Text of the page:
There are several members of the British Parliament who have actively been proposing the “Norway for now” option for when the UK leaves the European Union; such an option would mean the UK would replace EU membership by becoming a temporary member of the European Free Trade Association (Efta) after Brexit until a solution can be found to the Irish border issue.
Under a plan proposed by Nick Boles, the former Tory minister, Britain would join Efta instead of the planned transition period while it negotiated a Canada-style free-trade deal. It includes proposals for “continuity in customs arrangements” to avoid border checks between Northern Ireland and the Republic and has won Commons support from Remainers and Leavers.
This proposal is seen an alternative to the deeply unpopular Chequers proposal that the British Government is battling to win approval for.
However, those who have been campaigning for the ‘Norway’ or ‘Efta’ Option have been rebuffed from the Norwegian Government, who have said that they are not pleased with the idea of Britain temporarily piggybacking on their relationship with the EU as a convenient way out of the present impasse.
Norway has said that it fears Brexit and British membership could destabilise its longstanding arrangements with the EU and in private diplomatic talks has made it clear that it is uncomfortable with British membership of Efta.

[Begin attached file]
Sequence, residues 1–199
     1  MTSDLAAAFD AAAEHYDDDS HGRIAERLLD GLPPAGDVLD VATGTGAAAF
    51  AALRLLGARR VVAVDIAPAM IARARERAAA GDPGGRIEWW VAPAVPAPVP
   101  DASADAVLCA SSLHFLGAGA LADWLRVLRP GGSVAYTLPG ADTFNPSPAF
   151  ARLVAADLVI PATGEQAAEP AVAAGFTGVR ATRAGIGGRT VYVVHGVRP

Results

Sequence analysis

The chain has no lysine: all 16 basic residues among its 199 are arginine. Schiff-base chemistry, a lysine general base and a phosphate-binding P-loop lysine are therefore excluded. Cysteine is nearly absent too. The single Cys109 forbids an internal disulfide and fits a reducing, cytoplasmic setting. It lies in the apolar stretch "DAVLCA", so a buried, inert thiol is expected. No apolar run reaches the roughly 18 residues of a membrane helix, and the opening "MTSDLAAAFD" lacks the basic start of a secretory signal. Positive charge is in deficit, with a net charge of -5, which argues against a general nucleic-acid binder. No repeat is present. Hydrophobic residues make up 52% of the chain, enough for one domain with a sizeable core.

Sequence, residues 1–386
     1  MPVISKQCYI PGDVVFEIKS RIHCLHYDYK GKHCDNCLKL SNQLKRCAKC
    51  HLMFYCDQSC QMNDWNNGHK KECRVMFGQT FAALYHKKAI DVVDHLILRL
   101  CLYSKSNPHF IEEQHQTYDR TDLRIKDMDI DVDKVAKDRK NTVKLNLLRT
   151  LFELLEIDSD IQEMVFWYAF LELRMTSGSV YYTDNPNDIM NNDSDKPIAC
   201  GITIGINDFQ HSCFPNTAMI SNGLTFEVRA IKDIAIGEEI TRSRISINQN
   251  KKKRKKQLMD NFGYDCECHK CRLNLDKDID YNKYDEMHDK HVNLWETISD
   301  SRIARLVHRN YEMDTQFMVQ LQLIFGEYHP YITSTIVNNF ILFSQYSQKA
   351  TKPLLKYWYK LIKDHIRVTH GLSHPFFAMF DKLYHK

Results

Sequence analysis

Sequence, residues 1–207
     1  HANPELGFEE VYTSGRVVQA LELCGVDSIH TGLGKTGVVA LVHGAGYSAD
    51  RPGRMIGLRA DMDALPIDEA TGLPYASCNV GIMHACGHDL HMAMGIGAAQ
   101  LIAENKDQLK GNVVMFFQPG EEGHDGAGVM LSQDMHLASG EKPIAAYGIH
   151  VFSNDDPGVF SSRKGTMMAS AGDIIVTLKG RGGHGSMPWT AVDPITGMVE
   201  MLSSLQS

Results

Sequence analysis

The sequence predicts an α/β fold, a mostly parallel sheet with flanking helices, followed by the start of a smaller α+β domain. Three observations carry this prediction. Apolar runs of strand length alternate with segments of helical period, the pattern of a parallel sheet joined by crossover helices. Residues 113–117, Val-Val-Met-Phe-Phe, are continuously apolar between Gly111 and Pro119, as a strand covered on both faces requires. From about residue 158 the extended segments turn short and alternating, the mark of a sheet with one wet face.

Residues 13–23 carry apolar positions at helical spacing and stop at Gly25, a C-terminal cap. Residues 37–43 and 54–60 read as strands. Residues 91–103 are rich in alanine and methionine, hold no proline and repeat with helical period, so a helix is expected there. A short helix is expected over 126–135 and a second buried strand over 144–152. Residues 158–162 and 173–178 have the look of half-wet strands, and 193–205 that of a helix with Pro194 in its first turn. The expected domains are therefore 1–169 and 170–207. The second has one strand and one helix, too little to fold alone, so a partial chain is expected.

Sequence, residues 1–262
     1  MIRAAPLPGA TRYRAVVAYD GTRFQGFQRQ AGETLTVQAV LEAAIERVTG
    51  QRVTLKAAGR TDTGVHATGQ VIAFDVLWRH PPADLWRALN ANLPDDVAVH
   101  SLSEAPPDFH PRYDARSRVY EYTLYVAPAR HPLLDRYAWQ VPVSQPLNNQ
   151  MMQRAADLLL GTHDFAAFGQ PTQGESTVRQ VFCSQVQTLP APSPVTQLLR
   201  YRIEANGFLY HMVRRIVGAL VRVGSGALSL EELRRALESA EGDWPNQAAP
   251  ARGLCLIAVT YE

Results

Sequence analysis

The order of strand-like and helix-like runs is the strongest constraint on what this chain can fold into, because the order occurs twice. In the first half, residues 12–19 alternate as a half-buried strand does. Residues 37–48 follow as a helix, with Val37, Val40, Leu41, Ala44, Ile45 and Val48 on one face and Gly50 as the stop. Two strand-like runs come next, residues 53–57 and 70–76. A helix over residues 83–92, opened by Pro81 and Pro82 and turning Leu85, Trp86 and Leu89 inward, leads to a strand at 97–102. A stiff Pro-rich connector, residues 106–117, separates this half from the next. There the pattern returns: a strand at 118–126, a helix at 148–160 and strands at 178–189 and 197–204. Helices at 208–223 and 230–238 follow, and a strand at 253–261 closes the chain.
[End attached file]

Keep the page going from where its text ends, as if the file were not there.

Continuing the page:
Prime Minister Erna Solberg said that “I don’t think it’s easy to think that you can enter into an organisation you are preparing to leave at the same time. It is a little bit difficult for the rest of us.”
But in an additional blow to those in the UK advocating for an Efta, EU civil servants have joined the Norwegian’s in ruling out this potential option. Jean-Claude Piris, a former head of the EU’s legal service, said on Monday that the Efta treaty was not intended to be a temporary arrangement.
Another European diplomat said that:
“At the moment the European Economic Area is the Norway model. If Britain, a massive economy, joins then that changes it. It will be over.”
This will force those within the UK who have been advocating for the Norway model to reassess their priorities. Given the Chequers proposal is far from popular, the UK Government will need to look to alternatives; whether this be a Canada-style relationship, or a WTO-deal before negotiating a further trading deal with the EU.